Merrill Cain: Have you thought about what that would mean to you? Obviously, Team Target has had some success there and you've got a great ride and great chance going into Indianapolis. You talked about you living in that town, what would winning that race, that ultimate feeling be for you?
Bruno Junqueira: I don't know. First of all, I'm just working hard to win that race, then I will have the feeling.
Merrill Cain: Take it one step at a time. I understand.
Bruno Junqueira: Yes.
Merrill Cain: One other question I wanted to ask you, Team Target does something pretty special with the Target House where they donate some money every time the team is successful. Team Target donates $5,000 for a win and $1,000 for a pole, $25 for each lap led. After this weekend's action, with your success there, almost $7,500 was donated to Target House and St. Jude Children's Hospital in Memphis.
Talk about that and it means to you as a driver to be able to contribute to a cause like that when you are successful on the track.
Bruno Junqueira: That was awesome. Because I've been St. Jude's Hospital and Target House and that's a pretty neat thing they do in Memphis. People have no idea how important that is. Not just of the children that are there, but the whole world because they are there taking care of children that need it, and children that can give the doctors the opportunity to learn and to prove how the cancer treatments, and that's not going to help just those kids. That's going to help all over the world, anybody that has cancer. That's a very, very important thing, research. I'm really happy and proud to have the opportunity to help them.
Q: Usually we ask you to take a lap around the road course with us. Can you take us on a lap around Indianapolis, how you approach a lap around that place?
Bruno Junqueira: There are two ways to approach it. One when your car is good and going to qualify, then I have to be flat-out all the way around and that's not easy to do to be flat-out around the corner.
Now, telling you about the lap: You go it Turn 1, that's the most difficult corner in Indianapolis. It's a 90-degree corner with banking. And Turn 1 has a bump in the middle of the turn that makes it even more difficult. When the car is really good, you can do it flat-out, but when the car is not good, you have to lift a little bit. And that depends a lot on the wind, you need to see the direction of the wind because sometimes the wind blows over the main straight and then Turn 1 gets really difficult and Turn 3 gets easier. When the wind is blowing the other direction, Turn 1 gets easier and Turn 3 gets difficult.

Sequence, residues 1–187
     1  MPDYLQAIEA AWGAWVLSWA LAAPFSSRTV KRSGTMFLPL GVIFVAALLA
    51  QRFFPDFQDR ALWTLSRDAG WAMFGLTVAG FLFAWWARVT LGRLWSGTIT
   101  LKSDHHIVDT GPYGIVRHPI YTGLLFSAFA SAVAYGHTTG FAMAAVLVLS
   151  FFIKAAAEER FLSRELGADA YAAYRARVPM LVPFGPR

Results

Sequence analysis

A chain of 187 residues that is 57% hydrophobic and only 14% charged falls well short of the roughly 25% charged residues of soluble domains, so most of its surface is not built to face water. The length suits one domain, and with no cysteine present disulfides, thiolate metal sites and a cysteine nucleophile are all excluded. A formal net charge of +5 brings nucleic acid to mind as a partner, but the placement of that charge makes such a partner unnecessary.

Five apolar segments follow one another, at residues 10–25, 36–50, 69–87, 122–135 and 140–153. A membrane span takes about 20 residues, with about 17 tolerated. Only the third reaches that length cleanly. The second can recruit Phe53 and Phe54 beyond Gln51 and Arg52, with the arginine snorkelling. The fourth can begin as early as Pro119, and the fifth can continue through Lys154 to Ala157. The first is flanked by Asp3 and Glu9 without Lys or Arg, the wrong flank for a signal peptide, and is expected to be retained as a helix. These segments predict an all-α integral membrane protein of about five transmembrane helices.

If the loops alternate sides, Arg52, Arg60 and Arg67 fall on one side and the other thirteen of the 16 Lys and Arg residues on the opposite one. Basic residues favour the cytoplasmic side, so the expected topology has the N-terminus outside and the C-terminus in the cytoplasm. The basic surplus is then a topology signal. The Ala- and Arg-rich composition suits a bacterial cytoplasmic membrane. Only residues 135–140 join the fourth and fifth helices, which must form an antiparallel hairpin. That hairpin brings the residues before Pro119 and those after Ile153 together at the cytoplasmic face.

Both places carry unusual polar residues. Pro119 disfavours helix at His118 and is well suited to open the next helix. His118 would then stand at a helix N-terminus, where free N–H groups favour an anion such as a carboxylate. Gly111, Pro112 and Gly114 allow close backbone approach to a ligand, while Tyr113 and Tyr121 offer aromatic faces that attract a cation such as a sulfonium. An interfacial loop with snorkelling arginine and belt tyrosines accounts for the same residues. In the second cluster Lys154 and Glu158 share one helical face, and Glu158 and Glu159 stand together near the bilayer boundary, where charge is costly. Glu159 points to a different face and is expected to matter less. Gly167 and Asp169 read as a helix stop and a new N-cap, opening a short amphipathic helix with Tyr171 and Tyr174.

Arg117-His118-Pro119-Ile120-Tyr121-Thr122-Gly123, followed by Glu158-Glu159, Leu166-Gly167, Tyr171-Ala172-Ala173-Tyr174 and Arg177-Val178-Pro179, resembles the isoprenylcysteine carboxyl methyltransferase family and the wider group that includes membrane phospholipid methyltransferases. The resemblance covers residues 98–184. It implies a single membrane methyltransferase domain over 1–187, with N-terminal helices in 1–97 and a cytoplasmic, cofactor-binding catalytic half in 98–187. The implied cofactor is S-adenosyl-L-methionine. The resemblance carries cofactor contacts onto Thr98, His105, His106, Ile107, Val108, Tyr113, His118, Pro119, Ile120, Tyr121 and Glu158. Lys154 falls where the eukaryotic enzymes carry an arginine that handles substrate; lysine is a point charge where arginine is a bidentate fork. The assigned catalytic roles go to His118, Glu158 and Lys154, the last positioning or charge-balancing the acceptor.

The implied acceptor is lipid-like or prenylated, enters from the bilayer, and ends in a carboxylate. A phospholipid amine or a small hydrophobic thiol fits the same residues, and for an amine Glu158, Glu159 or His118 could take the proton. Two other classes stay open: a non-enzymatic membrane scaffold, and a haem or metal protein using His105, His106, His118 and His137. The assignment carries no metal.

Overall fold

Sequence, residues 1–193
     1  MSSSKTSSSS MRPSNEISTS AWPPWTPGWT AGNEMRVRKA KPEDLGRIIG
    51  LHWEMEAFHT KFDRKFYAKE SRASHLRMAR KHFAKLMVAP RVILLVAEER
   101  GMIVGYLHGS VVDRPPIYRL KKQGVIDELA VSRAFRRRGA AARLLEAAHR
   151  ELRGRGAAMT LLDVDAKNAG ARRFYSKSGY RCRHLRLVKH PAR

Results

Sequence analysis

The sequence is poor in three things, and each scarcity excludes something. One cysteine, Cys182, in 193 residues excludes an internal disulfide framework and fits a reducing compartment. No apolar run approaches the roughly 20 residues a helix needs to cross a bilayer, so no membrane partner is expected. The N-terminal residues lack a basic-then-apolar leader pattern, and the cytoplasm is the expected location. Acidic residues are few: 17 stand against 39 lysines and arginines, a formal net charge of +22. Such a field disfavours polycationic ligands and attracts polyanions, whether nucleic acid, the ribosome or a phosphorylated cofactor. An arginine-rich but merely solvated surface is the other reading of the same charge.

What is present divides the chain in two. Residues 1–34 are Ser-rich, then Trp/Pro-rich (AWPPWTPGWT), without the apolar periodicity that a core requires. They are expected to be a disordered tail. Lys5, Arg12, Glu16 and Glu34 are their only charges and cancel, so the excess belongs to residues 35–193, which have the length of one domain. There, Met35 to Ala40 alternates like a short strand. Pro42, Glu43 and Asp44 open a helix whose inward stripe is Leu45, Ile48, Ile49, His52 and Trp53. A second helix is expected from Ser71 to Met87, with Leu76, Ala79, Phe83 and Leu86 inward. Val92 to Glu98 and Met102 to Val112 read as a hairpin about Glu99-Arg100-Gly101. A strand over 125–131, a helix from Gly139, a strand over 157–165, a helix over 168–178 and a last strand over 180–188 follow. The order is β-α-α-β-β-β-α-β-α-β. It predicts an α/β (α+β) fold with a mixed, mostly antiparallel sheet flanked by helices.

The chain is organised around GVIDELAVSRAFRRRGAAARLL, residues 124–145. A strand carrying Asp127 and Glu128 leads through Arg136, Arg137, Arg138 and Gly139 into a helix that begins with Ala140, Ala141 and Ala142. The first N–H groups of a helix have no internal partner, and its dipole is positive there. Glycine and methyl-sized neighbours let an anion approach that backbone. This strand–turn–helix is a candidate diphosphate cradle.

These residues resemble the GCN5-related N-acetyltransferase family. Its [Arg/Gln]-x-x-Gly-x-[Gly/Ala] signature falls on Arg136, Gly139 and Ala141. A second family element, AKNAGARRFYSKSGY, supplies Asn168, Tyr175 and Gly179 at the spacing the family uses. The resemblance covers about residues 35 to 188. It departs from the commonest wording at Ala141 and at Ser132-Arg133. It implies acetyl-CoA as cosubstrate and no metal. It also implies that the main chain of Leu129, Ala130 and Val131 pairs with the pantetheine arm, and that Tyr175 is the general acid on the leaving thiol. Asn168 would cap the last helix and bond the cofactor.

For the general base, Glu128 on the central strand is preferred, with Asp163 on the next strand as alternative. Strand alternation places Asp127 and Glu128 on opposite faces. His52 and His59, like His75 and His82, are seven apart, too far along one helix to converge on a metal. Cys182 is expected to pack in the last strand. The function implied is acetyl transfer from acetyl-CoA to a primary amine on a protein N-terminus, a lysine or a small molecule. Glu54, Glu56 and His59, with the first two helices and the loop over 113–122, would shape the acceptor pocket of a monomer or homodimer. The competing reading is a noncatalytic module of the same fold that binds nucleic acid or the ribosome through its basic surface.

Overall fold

Then you just came out exit of 1, you have one brief, one really short straight and then you go down again to Turn 2. As I said, when everything is fine, you can take it flat, but really important of Turn 2 to have a good exit because that goes to the back straight; that's a very, very long straight.
Then you get on the back straight and you're going to approach to Turn 3 that, in normal conditions is a little bit easier than Turn 1. If there is no wind, you can take Turn 3 flat easier than Turn 1.
Then you can go to turn 4. That's after 2, really important to have a good exit for the main straight.
Pretty much, that's the track. You're going to run Indianapolis, you'll have six gears on the car. You're going to run fourth, fifth, or sixth, and it depends which speed you wants to run on the race. On the race you use fourth, fifth and sixth, these three gears, depending which speed and how much slipstream you are going to get from the car in front.
And like on the qualify lap, we try to be flat-out; on the race, we want to lift a little bit on each corner. And that's a lap at Indianapolis.
Q: You're going to Indianapolis and they are installing soft walls, first oval track to have that. As a driver, how does that make you feel, and would you like to see those soft walls installed on all of the oval tracks, including the ones that CART runs on?
Bruno Junqueira: Really, I still don't want to test them. (Laughs). That's the way that makes me feel.
I think that's a good thing to have. If it's safe -- I don't know exactly how it will work, luckily. I just crashed once on the oval -- (inaudible) -- testing last year, and I really don't want to see if this soft walls are better or not. I just want to stay far away from them.
Q: Does it give you any comfort at all?
Bruno Junqueira: I don't think so. I think they still have to go. When you hit it, you hit it hard. I hope that the soft walls can be a little bit better. I don't know how much better, really. I don't know exactly how those things works to tell you. I want to stay out of those.
Merrill Cain: Bruno, we want to say thank you very much for joining us in the CART media teleconference this afternoon. We wish you the best of luck competing in Indianapolis this month. We'll certainly be keeping a close eye on your efforts there, and we'll look forward to seeing you at Round 4 of the CART FedEx Championship Series, the Miller Lite 250 at Milwaukee Mile at May 31 through June 2.
Thank you very much for joining us today.
Bruno Junqueira: Thank you very much.
Bruno on Motegi and Indy 500 Part I